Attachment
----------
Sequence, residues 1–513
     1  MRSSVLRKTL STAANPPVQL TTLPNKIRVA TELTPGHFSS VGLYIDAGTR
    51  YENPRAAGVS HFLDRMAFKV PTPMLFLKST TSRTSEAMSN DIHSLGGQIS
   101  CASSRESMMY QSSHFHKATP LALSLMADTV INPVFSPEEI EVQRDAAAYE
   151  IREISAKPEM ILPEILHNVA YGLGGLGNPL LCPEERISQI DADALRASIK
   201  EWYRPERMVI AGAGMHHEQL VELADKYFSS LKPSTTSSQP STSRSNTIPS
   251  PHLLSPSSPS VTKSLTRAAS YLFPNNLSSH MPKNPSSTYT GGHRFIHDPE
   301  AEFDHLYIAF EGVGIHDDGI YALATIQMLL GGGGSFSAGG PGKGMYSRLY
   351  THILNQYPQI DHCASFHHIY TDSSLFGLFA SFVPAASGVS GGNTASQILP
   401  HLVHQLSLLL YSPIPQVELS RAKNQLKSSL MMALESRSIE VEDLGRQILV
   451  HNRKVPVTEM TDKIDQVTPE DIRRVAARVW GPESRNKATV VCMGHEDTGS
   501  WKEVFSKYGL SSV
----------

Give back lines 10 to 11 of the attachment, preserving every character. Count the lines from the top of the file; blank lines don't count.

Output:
   401  HLVHQLSLLL YSPIPQVELS RAKNQLKSSL MMALESRSIE VEDLGRQILV
   451  HNRKVPVTEM TDKIDQVTPE DIRRVAARVW GPESRNKATV VCMGHEDTGS